Be careful not to let the oil simmer, there will be a few bubbles, but you want to cook slowly to extract all the delicious flavors into the oil. If it starts to simmer, remove oil from the heat until the simmer seizes and the stove top cools a bit, then re-apply low heat. You can regulate how spicy you want this oil by letting the heat of the oil rise a bit higher and by letting the oil sit on low heat for longer. I like it hot, so I’m looking for the oil to hit about 200 degrees F and let it stay there for about 15 – 20 minutes, stirring the oil every few minutes and making sure the herbs aren’t sticking to the bottom of the pan (trust me, burnt chili flakes in your oil isn’t tasty!). Once the oil starts heating up, it’s quite hard to control the temperature from rising, so once the oil hits 200 degrees I find it best to turn down the stove top a click or two. The temperature of the oil will continue to rise to about 230-250 degrees, over the 15 – 20 minute timeframe. If you want a more mild flavor, look for the oil to hit about 180 degrees F and let it stay there for about 5 – 10 minutes. Again, once the oil registers at about 180 degrees, you’ll want to turn the stove top down a click or two to control the temperature from rising too much more. The best (and yummiest) way to figure out how you want your hot chili oil is to taste along the way! Once the time is up, turn off the heat and let the oil cool to room temperature, about 2 hours. Once the oil has cooled, you’re almost there! Just pour the oil through a mesh sieve, separating the oil from the chili flakes.
Scoop some of the chili flakes from the sieve into the bottom of the glass container where you will be keeping this chili oil and then pour the beautiful red hot chili oil on top. I’ve found if you put all the excess pepper flakes into the oil container, the oil pourer gets clogged. Instead, I like to put these chili pepper flakes in a separate jar and use small spoonfuls of this rich oil-soaked chili pepper concentrate to add some heat to sauces or sautés. One more thing I love about this hot chili oil is that the flavor continues to develop over time, so I love making this oil before I’m about to go on a trip because I know when I get back it’s going to be even better than when I left!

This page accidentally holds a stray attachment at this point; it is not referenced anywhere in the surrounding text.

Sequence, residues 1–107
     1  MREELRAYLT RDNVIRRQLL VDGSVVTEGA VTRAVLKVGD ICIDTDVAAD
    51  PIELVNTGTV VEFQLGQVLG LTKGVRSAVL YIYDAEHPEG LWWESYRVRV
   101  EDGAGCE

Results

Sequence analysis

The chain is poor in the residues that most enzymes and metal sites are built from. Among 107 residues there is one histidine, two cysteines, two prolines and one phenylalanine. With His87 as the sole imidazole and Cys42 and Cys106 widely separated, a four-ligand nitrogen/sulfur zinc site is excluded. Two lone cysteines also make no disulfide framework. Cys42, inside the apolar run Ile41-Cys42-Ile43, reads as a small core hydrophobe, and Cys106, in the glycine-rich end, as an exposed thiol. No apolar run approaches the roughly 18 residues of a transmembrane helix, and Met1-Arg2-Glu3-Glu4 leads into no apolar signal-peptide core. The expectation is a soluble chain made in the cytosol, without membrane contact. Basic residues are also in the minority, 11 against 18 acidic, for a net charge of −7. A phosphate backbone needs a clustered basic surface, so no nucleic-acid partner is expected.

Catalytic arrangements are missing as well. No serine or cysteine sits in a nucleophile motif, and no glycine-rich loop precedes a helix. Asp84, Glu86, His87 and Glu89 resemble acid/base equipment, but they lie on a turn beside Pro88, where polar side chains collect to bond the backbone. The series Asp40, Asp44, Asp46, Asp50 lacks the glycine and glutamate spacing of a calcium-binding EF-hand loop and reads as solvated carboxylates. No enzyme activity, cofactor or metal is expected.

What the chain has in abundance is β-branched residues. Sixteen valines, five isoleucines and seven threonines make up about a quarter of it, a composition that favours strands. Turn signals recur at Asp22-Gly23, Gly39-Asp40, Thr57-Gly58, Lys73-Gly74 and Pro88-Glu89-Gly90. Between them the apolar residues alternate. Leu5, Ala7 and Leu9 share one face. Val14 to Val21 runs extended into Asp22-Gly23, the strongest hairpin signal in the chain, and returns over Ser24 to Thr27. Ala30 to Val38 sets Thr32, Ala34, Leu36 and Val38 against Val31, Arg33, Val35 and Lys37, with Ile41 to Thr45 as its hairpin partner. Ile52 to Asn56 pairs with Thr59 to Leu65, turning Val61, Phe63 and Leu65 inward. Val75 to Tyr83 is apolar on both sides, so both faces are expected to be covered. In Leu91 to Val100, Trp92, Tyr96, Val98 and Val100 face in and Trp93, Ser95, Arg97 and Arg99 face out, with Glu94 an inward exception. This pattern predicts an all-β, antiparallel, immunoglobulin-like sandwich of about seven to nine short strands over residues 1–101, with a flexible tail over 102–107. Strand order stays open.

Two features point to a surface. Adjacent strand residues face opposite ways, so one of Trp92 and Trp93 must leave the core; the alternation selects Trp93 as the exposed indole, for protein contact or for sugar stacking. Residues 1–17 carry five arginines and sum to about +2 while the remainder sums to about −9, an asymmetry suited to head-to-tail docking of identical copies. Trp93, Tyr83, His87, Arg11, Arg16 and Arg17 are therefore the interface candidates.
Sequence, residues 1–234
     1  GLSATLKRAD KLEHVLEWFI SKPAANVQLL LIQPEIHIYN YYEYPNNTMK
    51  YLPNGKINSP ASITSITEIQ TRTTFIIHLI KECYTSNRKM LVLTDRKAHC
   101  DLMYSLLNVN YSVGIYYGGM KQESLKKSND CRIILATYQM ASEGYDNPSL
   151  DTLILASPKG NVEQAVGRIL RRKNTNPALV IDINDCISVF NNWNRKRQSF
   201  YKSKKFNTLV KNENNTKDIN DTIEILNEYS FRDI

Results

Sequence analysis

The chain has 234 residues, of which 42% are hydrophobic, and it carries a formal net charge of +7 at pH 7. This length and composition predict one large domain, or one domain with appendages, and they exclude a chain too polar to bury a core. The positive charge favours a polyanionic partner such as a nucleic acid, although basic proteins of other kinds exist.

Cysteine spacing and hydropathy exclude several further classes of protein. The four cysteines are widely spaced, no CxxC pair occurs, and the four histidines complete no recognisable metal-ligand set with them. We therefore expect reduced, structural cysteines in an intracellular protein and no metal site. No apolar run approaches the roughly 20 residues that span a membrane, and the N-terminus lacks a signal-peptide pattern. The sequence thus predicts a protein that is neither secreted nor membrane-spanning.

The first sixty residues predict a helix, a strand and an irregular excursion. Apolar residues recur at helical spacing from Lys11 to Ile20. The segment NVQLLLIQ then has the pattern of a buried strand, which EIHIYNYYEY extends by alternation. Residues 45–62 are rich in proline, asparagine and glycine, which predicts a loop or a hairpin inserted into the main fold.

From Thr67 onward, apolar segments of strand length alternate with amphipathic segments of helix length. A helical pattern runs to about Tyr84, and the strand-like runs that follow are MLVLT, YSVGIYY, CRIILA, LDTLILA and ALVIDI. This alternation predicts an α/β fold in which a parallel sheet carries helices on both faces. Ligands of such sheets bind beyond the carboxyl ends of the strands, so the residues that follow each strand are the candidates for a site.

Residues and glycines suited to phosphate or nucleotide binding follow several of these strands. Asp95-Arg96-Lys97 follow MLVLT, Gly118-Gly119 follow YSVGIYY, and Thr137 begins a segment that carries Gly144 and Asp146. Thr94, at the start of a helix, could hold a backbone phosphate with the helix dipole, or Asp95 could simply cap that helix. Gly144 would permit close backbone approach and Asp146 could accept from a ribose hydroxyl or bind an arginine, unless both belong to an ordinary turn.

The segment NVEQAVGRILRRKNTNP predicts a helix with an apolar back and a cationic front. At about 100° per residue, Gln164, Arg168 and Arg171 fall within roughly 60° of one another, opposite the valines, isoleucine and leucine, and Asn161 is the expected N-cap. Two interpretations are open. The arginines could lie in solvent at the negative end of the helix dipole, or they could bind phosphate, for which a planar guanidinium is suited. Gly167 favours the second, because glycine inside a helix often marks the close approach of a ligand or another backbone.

- 2 cups olive oil
- 1 cup of whole dry chili peppers (stems removed)
- 2 tbs chili pequin
- 2 tbs chili tepin
- 2 tbs dried fenugreek leaves (also commonly referred to as Kasuri Methi - available in Indian, Pakistani or Persian grocery stores or on Amazon)
- 1 tsp oregano
- 1 tsp thyme
- 1 tsp paprika
- 1 pinch of whole peppercorns
- Pour the oil in a medium-size sauce dish on low-medium heat.
- Throw all ingredients in the food processor and blend until very well grounded
- Pour blended ingredients from food processor into the pre-heated oil, stir gently and let it rest
- Look for oil to register at about 200 degrees F on a thermometer, once it hits 200 degrees turn down the stove heat one click, and let it stay there for about 15 minutes (see note below if you want your chili oil to have a more mild heat)
- Remove from heat. Cool to room temperature, about 2 hours
- Pour the oil through a mesh sieve, separating the oil from the chili flakes
- Scoop some of the chili flakes into the bottom of the glass oil container and then pour chili oil on top
- Put the rest of the chili flakes in separate glass container and seal
Don't add fresh herbs or garlic unless you plan to use all the oil right away. When infusing garlic with oil, and leaving it out at room temperature, bacteria spores can grown that cause botulism. Best bet is to avoid infusing oils with fresh garlic.